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Marjorie Taylor Greene Pulled Her Classic Aggressive Harassment Stunt on Rep. Alexandria Ocasio-Cortez

Marjorie Taylor Greene wears her mask around her chin inside the House chamber.

According to two Washington Post reporters who witnessed the event, Republican Rep. Marjorie Taylor Greene—best known for her white supremacy, transphobia, Islamaphobia, her support for QAnon, and her intense love of guns—”aggressively confronted” Democratic Congresswoman Alexandria Ocasio-Cortez outside the House chamber Wednesday.

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According to those reporters, Greene shouted at her colleague twice, yelling, “Hey Alexandria!” Ocasio-Cortez didn’t stop walking, so Greene “picked up her pace and began shouting at her and asking why she supports antifa” and yelled that Ocasio-Cortez was “failing to defend her ‘radical socialist’ beliefs by declining to publicly debate the freshman from Georgia.”

“You don’t care about the American people,” Greene yelled. “Why do you support terrorists and antifa?”

This is not a new move for Greene, although one would hope that she wouldn’t still be pulling stunts like this after having been elected to Congress. Greene has done this before—following someone, yelling accusations and “gotcha” questions, then claiming that person was just too “cowardly” to debate them on the street. She did it to Parkland shooting survivor-turned-gun control activist David Hogg when he was just 18 and on his way to speak to Congress.

Rep. Ocasio-Cortez wisely chose not to engage with Greene, “only turning around once and throwing her hands in the air in an exasperated motion.” Before walking away, Greene told a small group of reporters, “She’s a chicken, she doesn’t want to debate the Green New Deal,” adding, “These members are cowards. They need to defend their legislation to the people. That’s pathetic.”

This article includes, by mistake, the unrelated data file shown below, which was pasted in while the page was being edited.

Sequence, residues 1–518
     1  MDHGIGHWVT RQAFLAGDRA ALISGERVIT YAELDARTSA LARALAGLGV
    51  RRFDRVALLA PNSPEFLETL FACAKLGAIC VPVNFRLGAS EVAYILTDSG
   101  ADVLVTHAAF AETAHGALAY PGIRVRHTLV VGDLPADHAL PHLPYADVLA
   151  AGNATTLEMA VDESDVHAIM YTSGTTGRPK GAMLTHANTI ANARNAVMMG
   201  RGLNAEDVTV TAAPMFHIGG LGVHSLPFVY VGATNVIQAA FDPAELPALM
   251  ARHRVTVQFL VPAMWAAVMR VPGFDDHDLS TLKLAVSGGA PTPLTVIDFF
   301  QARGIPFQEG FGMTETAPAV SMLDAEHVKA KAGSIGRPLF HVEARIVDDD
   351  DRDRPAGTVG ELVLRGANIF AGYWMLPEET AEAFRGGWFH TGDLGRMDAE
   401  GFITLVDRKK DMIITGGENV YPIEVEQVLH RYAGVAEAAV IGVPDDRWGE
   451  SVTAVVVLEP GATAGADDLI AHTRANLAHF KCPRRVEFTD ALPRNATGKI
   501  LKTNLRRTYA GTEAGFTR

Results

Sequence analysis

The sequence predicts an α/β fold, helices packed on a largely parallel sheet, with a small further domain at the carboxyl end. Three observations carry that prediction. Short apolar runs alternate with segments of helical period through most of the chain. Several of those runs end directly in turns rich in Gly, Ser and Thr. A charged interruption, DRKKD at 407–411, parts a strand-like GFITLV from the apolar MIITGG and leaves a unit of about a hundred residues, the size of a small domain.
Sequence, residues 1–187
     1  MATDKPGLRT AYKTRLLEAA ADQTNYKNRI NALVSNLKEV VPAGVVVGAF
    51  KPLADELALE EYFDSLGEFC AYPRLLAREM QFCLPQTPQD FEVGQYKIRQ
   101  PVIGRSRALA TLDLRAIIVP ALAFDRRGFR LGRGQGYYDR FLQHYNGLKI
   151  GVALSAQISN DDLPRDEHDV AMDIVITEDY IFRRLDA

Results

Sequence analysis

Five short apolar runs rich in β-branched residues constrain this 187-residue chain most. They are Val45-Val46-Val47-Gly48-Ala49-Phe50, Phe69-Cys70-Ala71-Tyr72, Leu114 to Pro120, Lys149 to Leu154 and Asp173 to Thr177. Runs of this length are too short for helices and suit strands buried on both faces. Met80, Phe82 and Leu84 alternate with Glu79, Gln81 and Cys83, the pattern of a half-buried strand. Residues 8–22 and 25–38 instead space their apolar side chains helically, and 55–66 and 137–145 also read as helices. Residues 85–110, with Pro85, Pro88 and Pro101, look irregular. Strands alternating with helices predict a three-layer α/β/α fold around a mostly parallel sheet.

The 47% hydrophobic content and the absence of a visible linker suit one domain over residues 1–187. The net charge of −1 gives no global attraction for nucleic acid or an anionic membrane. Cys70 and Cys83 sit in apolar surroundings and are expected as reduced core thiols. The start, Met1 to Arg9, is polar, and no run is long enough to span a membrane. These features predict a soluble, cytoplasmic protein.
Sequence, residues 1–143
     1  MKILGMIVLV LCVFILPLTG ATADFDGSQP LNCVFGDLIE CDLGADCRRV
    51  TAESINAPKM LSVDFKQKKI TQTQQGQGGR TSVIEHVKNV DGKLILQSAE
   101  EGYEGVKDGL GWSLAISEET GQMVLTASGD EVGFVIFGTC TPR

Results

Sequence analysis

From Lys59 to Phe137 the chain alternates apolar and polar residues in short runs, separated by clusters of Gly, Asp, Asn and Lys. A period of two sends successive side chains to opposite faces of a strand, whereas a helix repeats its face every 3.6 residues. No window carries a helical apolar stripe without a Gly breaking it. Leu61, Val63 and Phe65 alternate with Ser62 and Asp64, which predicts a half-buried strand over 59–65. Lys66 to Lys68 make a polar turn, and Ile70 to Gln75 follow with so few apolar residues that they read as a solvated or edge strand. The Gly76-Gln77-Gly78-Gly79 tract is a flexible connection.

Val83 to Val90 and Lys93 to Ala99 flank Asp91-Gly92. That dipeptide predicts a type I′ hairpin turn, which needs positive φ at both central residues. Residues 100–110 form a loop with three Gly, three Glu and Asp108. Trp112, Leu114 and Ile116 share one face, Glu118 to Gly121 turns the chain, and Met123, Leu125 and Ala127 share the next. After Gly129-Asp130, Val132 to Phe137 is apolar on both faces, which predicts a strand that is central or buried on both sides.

Except Greene is not a member of “the people.” She’s a member of Congress. And harassing a colleague like this isn’t politics, it’s theatre, and it certainly does nothing to help her constituents or further actual debate.

Ocasio-Cortez doesn’t look to have commented on the encounter aside from a nice pseudo-subtweet:

A statement from her spokeswoman Lauren Hitt issued to the Washington Post says, “Representative Greene tried to begin an argument with Congresswoman Ocasio-Cortez and when Rep. Ocasio-Cortez tried to walk away, Congresswoman Greene began screaming and called Rep. Ocasio-Cortez a terrorist sympathizer.”

“We hope leadership and the Sergeant at Arms will take real steps to make Congress a safe, civil place for all Members and staff—especially as many offices are discussing reopening. One Member has already been forced to relocate her office due to Congresswoman Greene’s attacks,” the statement reads.

That member who moved offices is Missouri’s Cori Bush, who said earlier this year that a maskless Greene stopped her in a hallway and “berated” her. “I’m moving my office away from hers for my team’s safety,” she wrote on Twitter.

Greene has also had public fights with her office neighbor, Democratic Rep. Marie Newman. Newman hung a transgender flag outside of her office, both to honor her trans daughter and to show opposition to Greene’s attacks on trans rights. Greene responded by hanging a sign in the hallway reading “There are two genders: male and female. Trust the science.” She also misgendered Newman’s daughter on Twitter.

Greene has been exploding on Twitter, attacking AOC, Nancy Pelosi, and even members of her own party who are grossed out by her ludicrously unprofessional behavior. Between her shameless disrespect for her colleagues and her heavy Twitter finger (complete with un-clever nicknames for her perceived rivals), she seems set on carrying Trump’s mantle of pettiness and petulance moving forward.

(via Washington Post, image: Erin Scott-Pool/Getty Images)

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Vivian Kane
Vivian Kane (she/her) is the Senior News Editor at The Mary Sue, where she's been writing about politics and entertainment (and all the ways in which the two overlap) since the dark days of late 2016. Born in San Francisco and radicalized in Los Angeles, she now lives in Kansas City, Missouri, where she gets to put her MFA to use covering the local theatre scene. She is the co-owner of The Pitch, Kansas City’s alt news and culture magazine, alongside her husband, Brock Wilbur, with whom she also shares many cats.

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